In Vancouver, B.C., a controversial program is fighting heroin-related deaths by giving users the drugs and then making sure they inject safely.

Doctors and nurses supervise the process so there are no overdoses. The users say it works.

"Up until the time I came to this program, I was living day to day, a bit homeless, in addiction for the last twenty years," says Les, a long time Vancouver resident, as he settles into a small clinic on East Hastings. "The heroin takes away all my problems, so I had a hard time kicking (it). I used to cope really on a daily basis."

Now, he's just one of roughly 130 patients at the Crosstown Clinic, run by Providence Health in conjunction with Vancouver Coastal Health. It's been open since 2014, at a time when the opioid crisis exploded in the lower mainland of BC.

The BC Coroner's office announced just last month a staggering number of deaths attributed to illicit drugs, more than 1,400 in 2017. That's four a day. BC Health leaders point specifically to a heroin supply contaminated with Fentanyl, heroin's cheaper more potent cousin, as a reason for the surge.

"We're providing a legal, sterile, pharmaceutical predictable treatment," says Doctor Scott McDonald, who helps run the clinic, in the rough stretch on Hastings just outside downtown.

A patient can come in, get their dosage, and inject under the watchful eye of nurses and doctors.

"If people are using in a supervised setting like that - all that injection paraphernalia - contained in one spot - you won't find syringes in playgrounds or on sidewalks it's safe." McDonald says there is a waiting list of more than 330, given the small size and list of people who need help.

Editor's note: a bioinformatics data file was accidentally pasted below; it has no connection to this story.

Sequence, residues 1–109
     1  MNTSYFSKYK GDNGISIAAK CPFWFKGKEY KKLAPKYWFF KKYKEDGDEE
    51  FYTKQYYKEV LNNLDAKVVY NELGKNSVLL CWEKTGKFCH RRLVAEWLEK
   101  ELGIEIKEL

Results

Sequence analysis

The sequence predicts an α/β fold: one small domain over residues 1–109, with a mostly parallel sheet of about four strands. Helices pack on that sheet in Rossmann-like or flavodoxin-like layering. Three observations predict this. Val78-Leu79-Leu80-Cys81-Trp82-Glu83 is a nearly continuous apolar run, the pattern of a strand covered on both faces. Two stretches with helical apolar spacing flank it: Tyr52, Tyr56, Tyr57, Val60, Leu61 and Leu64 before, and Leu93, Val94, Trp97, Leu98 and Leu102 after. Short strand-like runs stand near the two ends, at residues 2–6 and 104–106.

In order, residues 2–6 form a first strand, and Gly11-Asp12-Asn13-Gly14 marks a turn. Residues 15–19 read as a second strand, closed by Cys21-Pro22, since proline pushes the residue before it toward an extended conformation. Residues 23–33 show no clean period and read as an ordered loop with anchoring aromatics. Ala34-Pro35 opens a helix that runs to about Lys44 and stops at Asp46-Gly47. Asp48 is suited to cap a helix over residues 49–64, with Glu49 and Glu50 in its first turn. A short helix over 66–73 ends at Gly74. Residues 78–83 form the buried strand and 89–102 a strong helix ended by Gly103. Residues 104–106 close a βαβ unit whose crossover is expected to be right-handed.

In order to qualify, patients must meet several criteria, according to Providence.

Basically, the Crosstown Requirements for iOAT are:

  • The patient is 18 years of age or older; AND
  • Oral opioid agonist therapies have not been successful; AND
  • The patient has capacity to consent to and fully understand the goals of treatment including the risks of iOAT ; AND
  • The patient has a well-established history of injection drug use with opioids, and severe opioid use disorder; AND
  • The patient is currently injecting opioids confirmed with signs of injection drug use and preferably two documented positive urine drug screens; AND
  • The patient is able to attend up to 3 times per day; AND
  • The patient is able to self-administer injection drugs under supervision either IV or IM; AND
  • The patient has significant risk of medical consequences of injection drug use that would benefit from increased health system involvement; AND
  • The prescribing physician is experienced in the treatment of opioid use disorder.

Providence says it costs roughly $25,000 Canadian, per patient, per year, to administer the program. "It reduces societal costs - so it's a win win for everybody," says McDonald, "This is a cost-effective treatment."

It is much different than the highly publicized InSite clinic, also on Vancouver's East Side, that has served as a model for Seattle and King County. That spot allows people to bring their own drugs into a supervised environment, similar to what is being considered in Western Washington. The Crosstown Clinic is a completely different model.

Les takes his dosage, and is able to talk about it immediately after.

"This program has changed my life completely. Before I came to this program, I was in and out of prison - better part of my whole life - since I've been in this program, I haven't reoffended - stable housing, a job. I'm well on my way to becoming productive member of society again even though I'm still using heroin. All the criminality has been taken away. I don't have to crime to support my habit," Les said.

He also says, he can manage pain, and doesn't have to wade into the illegal and likely deadly black market.

Les is now working 40 hours a week, with a stable roof over his head.

"It's changed my life I've been an addict since I was 20 years old. I'm almost 50 now...and uh, this is the best my life has been for as long as I can remember and I can thank the program for that."